The origins of the clash are not entirely clear, but it seems to stem from a scuffle last month between doctors and a lawyer that was captured on surveillance video. Since then, lawyers have been demanding some kind of action against the doctors, and on Wednesday that culminated in the brutal attack.

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A law enforcement scandal that could impact thousands of criminal cases in Orange County, Calif., is pitting the region's top attorneys and sheriffs against one another.

The county's public defender's office on Wednesday suggested that top prosecutors covered for law enforcement, helping to keep widespread lapses in evidence booking out of public view. Now, Assistant Public Defender Scott Sanders is demanding to know who knew what and when.

The Pacific island nation of Samoa will shut down government services for two days so that civil servants can focus on a nationwide immunization drive as the country struggles to end a measles outbreak that has claimed more than 50 lives, most of them children.

Massachusetts Gov. Charlie Baker on Wednesday signed sweeping legislation to restrict the sale of flavored tobacco and vaping products, making his state the first to enact such stringent controls.

The new law, which is set to take effect on June 1, 2020, is not a blanket ban. Instead, it limits the sale of flavored nicotine vaping products, including menthol, "to licensed smoking bars where they may only be smoked on-site." The same restrictions apply to all other flavored tobacco products, including menthol cigarettes and flavored chewing tobacco.

The man believed to be the last living carver of Mount Rushmore has died.

Donald "Nick" Clifford was one of nearly 400 men and women who worked on the iconic American monument. He died on Saturday at a hospice in Rapid City, S.D., at the age of 98, his wife told NPR.

Clifford, who celebrated his last birthday in July, was immensely proud of his work on the mountainside as a teenager.

A Shanghai businesswoman who was convicted of unlawfully entering President Trump's private Mar-a-Lago resort while carrying a bag full of electronics is headed to jail for eight months.

Yujing Zhang, 33, was convicted of trespassing at Trump's Florida club and lying to federal agents.

Zhang's bizarre trial, in which she chose to represent herself, lasted all of two days before she was found guilty on both counts.

Updated at 6:25 p.m. ET

President Trump told reporters at the White House that he was "sticking up for the armed forces" in his pardons of military personnel.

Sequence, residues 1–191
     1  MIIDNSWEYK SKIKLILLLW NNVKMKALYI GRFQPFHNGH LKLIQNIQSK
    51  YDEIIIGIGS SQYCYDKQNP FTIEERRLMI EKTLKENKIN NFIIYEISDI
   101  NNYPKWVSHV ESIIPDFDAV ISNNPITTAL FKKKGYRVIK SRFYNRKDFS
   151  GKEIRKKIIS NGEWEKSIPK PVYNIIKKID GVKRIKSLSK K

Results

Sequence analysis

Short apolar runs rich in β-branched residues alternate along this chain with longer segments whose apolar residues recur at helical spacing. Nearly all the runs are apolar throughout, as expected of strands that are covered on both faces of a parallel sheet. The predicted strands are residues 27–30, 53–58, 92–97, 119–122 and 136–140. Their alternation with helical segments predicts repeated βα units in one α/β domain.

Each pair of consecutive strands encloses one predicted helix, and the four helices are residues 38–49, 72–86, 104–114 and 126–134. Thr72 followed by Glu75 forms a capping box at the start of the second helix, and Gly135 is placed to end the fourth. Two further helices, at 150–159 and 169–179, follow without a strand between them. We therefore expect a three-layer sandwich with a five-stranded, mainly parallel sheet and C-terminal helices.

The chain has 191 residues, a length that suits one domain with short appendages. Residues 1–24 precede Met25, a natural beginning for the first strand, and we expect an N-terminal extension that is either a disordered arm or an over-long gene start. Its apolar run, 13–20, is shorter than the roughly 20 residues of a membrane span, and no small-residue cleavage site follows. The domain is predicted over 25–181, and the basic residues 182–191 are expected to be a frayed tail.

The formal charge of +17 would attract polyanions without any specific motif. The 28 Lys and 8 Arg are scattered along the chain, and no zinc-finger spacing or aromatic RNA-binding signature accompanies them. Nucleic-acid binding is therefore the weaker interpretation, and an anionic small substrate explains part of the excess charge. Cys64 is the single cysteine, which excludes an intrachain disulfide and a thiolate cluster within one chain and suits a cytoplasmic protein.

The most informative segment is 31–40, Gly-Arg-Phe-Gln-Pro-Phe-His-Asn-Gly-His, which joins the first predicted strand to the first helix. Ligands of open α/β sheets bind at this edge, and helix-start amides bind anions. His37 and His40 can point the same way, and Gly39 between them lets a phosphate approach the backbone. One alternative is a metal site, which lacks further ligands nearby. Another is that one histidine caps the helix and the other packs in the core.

The commander in chief has repeatedly intervened on behalf of the Navy SEAL recently convicted of misconduct. And Defense Secretary Mark Esper said Trump did it again over the weekend, directly ordering him to allow Chief Petty Officer Eddie Gallagher to retire as a SEAL.

Twitter is letting users become their own moderators. The company announced Thursday that it has rolled out a new feature allowing users to hide replies to their tweets.

"Everyone should feel safe and comfortable while talking on Twitter," said Suzanne Xie, director of product management at Twitter, said in a blog post. "To make this happen, we need to change how conversations work on our service."

Special Operations Chief Eddie Gallagher may be stripped of his status as a Navy SEAL, potentially setting up a confrontation between the Navy's top brass and the commander in chief.

On Wednesday, Gallagher and three of his supervising officers were notified that a review board will be convened to determine whether the men should be allowed to remain in the elite SEALs.

For decades, Bruce Bagley has been regarded as a leading expert on organized crime in Latin America, particularly on money laundering. Now, the University of Miami professor is in trouble for the way he may have applied that knowledge.

Bagley was arrested Monday on charges of laundering $3 million on behalf of corrupt foreign nationals who collected the illicit funds through bribes and by embezzling from a public works project in Venezuela.

The Mustang — one of the most quintessentially American cars — is about to kick off a new chapter. After years of secrecy, Ford is unveiling the Mustang Mach-E, an electric SUV "inspired" by the classic car's key design elements.

The big reveal is happening Sunday in Los Angeles, days ahead of the annual auto show there.